Happiness takes effort
I read a brilliant book the other day called “The Happiness Hypothesis” by Jonathan Haidt.
Although Positive Psychology has been claimed to be the ‘Science of Happiness’ – I’m not someone who thinks happiness is something you can search for, it’s something you have to work for, it takes effort, time and a true understanding of what makes you, personally feel good. Without investigating this within yourself, happiness is something you’ll always strive for, but not really know how to get.
Anyway, the book gave me 4 pretty insightful takeaways that I thought I’d explore here in relation to motherhood:
(Illustration by Mark Sanderson Art)
Our uncontrollable elephant
Our ‘uncontrollable elephant is our emotions and the rider is our conscious brain’
Yes, I just said ‘uncontrollable elephant’ – the writer talks about the two sides of our brains – our unconscious decision making – our ‘gut brain’ as he calls it. The actions of our gut brain ( the elephant!) are autonomous, they cannot be directed by rational decisions. Then there’s the other side, the rational decision maker, the thinker.
The metaphor he uses is the gut brain is an uncontrollable elephant being ridden by a rational decision maker. However, the rational thinker doesn’t have all that much control over the elephant as you can imagine.
Although our rational rider can plan and give clear direction in the way we’d like our gut brain to behave, we usually allow our emotions to direct us – therefore the elephant in our metaphor tends to be more powerful than the rider.
So what does this mean to us as mums? Well firstly, we should stop beating ourselves up for the way we feel! This is something we cannot control and each time we try, we are effectively reinforcing the negative. I once read a book called “Don’t think of purple spotted oranges” which even by reading the cover, you’re thinking of purple spotted oranges. The more we tell our brains NOT to do something, we focus on doing it. So stop trying to control those emotions and accept them when they come. Learn to employ techniques to find ways to dispute them instead.
‘The law of reciprocity demonstrates that if you show vulnerability others will too’
This is a big one for me within motherhood, we spend a lot of our time ‘pretending’ to be ok and to be coping when really we’re screaming for help. The media tells us we should be able to cope, that we were built for this and showing weakness is showing failure as a mother. Well, poppycock to that. As humans, we have a deeply ingrained instinct to reciprocate.
As mothers, we ALL struggle at some point or another and when we do, admit it. Call your best friend, call you Mum or just open up to someone similar to you. By showing that vulnerability it encourages others to show their vulnerable side too. A lot of why we feel so isolated as Mum’s comes from not sharing enough vulnerability and therefore empathy with each other, instead we chose to judge and comment on how we disagree with their idea of what motherhood entails. Let’s stop doing that, open up, share your worries and encourage others to do so too.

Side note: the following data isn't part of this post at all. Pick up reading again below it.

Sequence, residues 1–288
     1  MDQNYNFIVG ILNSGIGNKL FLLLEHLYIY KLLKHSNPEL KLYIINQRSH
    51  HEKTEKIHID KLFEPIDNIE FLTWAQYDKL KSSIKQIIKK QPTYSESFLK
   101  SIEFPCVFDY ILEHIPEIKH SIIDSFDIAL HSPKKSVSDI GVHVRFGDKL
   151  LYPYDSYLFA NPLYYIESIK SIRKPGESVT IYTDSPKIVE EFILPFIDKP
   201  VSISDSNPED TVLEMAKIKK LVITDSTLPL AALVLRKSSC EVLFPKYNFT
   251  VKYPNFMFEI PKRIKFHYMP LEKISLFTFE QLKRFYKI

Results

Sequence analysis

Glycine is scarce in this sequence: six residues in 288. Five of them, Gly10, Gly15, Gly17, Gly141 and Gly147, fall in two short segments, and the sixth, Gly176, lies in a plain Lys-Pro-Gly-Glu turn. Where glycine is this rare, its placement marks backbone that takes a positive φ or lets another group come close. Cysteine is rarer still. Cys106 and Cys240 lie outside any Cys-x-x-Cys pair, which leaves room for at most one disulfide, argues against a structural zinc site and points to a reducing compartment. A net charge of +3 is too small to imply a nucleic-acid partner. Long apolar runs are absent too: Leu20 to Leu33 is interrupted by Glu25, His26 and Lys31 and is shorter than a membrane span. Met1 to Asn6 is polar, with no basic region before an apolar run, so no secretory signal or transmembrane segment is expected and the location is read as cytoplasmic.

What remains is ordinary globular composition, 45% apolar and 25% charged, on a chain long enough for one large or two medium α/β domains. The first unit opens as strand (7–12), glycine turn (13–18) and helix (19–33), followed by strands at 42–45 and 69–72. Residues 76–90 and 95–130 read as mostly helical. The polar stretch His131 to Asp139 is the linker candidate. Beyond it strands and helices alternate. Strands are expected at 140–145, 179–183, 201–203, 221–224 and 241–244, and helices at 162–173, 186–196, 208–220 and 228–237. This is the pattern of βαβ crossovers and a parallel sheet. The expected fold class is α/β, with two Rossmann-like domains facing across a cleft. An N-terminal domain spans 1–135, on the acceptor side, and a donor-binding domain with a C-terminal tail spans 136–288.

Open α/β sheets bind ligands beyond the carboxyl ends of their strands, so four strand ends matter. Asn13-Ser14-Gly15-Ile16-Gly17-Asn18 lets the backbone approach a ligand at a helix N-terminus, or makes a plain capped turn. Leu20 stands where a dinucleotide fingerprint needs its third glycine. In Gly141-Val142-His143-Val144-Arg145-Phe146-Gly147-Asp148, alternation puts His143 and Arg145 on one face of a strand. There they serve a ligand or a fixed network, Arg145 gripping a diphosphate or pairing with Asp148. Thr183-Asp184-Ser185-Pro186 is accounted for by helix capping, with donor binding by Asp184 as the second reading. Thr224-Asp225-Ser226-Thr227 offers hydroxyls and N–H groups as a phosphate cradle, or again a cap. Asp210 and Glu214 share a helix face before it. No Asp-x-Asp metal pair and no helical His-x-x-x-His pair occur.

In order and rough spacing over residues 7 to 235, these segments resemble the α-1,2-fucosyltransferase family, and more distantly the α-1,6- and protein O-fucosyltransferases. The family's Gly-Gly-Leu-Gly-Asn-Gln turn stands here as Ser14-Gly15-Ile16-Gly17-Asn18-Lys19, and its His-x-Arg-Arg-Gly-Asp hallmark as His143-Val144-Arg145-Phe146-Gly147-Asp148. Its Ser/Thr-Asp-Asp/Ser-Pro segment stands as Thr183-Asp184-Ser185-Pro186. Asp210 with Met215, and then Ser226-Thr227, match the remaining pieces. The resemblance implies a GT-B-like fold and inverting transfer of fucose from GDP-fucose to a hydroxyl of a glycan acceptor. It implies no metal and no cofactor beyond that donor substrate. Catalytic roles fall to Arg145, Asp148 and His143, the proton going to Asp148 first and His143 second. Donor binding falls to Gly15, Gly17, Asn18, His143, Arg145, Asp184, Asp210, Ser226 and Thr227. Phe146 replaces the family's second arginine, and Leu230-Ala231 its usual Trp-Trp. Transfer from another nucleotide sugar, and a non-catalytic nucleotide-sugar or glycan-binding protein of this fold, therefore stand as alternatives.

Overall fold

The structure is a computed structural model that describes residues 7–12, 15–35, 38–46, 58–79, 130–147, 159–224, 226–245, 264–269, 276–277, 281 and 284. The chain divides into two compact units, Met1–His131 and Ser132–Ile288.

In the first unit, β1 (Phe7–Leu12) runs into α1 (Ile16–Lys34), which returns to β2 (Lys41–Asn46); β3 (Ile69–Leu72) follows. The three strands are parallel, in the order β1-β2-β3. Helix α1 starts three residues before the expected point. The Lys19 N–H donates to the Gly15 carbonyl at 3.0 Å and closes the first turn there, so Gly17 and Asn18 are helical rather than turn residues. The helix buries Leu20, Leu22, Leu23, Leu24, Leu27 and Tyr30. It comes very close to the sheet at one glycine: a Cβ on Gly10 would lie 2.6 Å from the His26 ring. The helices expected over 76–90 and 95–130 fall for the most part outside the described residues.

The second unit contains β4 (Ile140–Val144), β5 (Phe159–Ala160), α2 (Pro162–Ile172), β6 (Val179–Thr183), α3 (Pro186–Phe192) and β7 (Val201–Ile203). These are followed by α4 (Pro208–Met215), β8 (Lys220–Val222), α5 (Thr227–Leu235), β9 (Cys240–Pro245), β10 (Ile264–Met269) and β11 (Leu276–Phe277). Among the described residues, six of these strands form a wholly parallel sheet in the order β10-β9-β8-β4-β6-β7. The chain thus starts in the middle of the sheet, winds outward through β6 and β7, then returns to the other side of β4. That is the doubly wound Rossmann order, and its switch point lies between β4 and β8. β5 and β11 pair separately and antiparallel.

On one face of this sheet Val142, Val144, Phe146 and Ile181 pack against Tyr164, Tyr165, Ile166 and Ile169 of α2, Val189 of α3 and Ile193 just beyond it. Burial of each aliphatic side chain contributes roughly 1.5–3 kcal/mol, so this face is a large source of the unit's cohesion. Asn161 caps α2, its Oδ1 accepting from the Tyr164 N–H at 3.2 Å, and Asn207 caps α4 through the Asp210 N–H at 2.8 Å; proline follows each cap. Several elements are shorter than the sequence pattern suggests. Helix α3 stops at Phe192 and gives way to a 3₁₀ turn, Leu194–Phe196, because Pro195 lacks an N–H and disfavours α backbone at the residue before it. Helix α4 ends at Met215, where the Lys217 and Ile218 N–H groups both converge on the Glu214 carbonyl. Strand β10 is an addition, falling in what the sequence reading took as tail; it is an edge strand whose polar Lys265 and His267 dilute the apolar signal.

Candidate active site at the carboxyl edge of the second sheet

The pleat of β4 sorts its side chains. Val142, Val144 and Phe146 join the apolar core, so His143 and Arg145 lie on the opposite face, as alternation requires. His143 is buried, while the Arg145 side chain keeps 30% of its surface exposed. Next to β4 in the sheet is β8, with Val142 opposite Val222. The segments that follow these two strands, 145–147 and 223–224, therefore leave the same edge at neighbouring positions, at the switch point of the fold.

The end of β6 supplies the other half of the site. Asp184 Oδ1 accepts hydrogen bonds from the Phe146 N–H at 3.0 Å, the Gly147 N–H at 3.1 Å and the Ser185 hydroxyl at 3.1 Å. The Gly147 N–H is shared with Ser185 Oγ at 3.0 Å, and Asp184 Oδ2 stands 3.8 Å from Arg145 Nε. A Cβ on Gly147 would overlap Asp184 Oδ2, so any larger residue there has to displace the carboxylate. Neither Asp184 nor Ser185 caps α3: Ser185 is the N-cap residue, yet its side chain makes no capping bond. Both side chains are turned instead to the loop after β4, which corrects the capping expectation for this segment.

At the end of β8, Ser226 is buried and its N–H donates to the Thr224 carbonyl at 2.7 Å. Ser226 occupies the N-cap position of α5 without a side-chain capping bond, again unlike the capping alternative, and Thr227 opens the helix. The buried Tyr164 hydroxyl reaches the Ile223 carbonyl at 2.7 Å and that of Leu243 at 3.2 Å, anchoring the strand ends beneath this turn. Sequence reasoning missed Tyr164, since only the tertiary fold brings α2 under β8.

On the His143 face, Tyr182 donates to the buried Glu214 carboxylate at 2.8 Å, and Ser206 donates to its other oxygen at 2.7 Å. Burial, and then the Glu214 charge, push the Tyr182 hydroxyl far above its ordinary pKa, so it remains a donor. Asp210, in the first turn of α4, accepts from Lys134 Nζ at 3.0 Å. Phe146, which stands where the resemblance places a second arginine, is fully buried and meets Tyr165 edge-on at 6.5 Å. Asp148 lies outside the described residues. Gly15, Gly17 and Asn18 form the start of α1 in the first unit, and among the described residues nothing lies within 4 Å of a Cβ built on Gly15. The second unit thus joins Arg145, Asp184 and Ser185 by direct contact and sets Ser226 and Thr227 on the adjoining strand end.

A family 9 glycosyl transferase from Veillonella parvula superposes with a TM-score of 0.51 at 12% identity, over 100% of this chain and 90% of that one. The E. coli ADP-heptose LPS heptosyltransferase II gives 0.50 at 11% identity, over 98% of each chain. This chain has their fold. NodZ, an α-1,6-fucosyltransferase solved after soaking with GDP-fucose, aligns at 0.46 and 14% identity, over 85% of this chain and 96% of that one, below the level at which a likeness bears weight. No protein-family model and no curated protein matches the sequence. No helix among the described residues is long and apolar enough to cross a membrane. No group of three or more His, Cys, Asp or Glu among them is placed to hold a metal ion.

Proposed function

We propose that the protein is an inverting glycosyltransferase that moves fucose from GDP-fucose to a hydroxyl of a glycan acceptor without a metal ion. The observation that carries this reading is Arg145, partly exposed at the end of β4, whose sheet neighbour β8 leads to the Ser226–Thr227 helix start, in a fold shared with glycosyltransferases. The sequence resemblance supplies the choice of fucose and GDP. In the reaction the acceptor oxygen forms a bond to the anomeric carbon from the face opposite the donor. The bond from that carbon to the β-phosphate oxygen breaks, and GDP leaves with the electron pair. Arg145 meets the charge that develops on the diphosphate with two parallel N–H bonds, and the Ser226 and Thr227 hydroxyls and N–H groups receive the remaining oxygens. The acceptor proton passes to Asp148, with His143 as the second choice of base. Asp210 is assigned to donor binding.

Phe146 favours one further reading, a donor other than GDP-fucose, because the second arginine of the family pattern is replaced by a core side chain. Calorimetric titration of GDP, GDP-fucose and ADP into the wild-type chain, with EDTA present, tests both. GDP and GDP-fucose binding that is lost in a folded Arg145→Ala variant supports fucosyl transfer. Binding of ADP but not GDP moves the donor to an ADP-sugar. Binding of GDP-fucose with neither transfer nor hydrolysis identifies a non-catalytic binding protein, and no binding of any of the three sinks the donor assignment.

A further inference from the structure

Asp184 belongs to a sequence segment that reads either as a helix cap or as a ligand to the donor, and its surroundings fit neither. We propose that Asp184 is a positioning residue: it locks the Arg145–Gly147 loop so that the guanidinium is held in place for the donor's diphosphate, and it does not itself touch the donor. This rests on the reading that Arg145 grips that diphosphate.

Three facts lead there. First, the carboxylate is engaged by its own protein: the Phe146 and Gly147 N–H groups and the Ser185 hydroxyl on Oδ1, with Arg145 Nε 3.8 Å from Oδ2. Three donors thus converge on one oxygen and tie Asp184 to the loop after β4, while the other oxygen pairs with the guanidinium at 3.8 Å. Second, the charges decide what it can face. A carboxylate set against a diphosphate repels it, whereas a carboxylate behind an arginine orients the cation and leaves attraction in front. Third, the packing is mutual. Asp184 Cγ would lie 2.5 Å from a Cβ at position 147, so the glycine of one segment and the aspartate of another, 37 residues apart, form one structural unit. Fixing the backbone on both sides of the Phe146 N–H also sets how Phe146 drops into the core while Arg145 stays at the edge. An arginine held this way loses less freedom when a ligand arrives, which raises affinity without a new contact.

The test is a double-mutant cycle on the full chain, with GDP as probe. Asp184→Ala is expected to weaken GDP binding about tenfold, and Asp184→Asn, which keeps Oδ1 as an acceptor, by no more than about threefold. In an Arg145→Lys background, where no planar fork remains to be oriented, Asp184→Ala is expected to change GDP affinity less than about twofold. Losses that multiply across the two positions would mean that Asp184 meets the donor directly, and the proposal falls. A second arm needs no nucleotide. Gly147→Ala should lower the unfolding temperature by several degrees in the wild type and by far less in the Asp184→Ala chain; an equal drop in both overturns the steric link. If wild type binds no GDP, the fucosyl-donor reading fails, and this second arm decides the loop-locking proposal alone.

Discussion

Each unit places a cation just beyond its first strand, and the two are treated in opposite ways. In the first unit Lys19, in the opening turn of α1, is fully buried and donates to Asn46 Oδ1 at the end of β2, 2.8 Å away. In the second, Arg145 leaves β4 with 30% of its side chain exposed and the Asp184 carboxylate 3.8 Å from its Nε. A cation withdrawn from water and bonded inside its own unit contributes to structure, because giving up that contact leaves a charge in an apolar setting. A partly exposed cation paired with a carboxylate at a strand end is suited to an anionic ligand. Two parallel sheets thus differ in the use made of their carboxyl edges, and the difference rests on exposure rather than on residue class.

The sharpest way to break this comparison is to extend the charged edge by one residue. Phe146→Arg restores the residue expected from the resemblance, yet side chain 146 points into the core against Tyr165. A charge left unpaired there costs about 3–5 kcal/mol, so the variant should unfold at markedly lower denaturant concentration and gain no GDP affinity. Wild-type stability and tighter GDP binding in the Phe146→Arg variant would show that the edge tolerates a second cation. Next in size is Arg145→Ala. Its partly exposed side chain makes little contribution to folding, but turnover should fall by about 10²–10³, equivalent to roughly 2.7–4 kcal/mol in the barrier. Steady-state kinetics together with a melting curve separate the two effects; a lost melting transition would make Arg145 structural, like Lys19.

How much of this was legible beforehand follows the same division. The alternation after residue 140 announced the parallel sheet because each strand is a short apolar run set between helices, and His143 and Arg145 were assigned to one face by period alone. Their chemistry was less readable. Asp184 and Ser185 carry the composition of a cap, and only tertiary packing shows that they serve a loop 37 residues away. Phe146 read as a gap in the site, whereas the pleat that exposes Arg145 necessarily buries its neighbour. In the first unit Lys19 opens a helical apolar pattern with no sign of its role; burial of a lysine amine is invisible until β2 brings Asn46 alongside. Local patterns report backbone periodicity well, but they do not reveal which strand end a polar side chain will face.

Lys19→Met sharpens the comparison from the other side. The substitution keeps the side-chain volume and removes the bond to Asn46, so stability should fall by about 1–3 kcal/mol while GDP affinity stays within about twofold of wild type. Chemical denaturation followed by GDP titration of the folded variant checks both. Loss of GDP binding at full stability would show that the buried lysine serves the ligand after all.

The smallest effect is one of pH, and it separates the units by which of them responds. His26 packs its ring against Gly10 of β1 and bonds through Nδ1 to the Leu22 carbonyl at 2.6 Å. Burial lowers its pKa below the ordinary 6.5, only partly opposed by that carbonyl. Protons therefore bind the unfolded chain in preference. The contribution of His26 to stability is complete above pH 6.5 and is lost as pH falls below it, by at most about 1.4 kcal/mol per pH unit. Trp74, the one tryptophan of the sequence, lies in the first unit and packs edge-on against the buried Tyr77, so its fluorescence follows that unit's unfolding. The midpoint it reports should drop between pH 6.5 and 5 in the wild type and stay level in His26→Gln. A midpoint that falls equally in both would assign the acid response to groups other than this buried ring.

‘Our real character is what our elephant truly wants rather than what our rider tells us we want’
How true is this? How many times do we tell ourselves that we should want something when we really don’t or we should behave in the way we’re told to. If our inner elephant is screaming to behave differently, we’re not being true to ourselves.
But this is also true of happiness, we need to understand what feeds that elephant to stop being so random and unpredictable – we need to engage with people that understand us (and love our vulnerabilities) and activities that make our elephant smile. If we’re constantly surrounding ourselves with people we bitch about or find frustrating and taking part in activities we find boring, tiring and uninspiring then we’re not being true to ourselves. Have a nose at my blog post on eudaemonic happiness to see if the activities you partake in really make you a happy bunny. (Looking at my strengths blog post will help too! Using your core strengths every day speaks to your inner elephant!)
Have a good look at the people you surround yourself with, do you feel drained by some? If so, ask yourself why you still connect with them? Pick those that you always look forward to seeing. I’ll bet that with the ‘drainers’ you feel the relationship is all about you giving and them taking. Whereas the ones who make you feel happy, give as much as they receive. Social connection is such a big part of well-being, choose the connections that truly speak to your elephant!
‘If you’re going to blame people, blame them for all the good too.’
This is such a simple statement but it makes so much sense. We spend a lot of time laying blame at the door of people that make us unhappy, yet spend little time laying thanks to those who make us happy.
Remember, we ALL have good AND bad inside us, we all have the ability to be nasty on occasion or say something stupid. So we shouldn’t define people by one mistake. (If it is one…) Whether the good side or the bad side wins is down to which one we feed… but that’s a whole other blog post!
So, when people make you feel good, recognise it and feel free to blame them for it! Saying thank you and meaning it is one of the best ways to make you both feel good.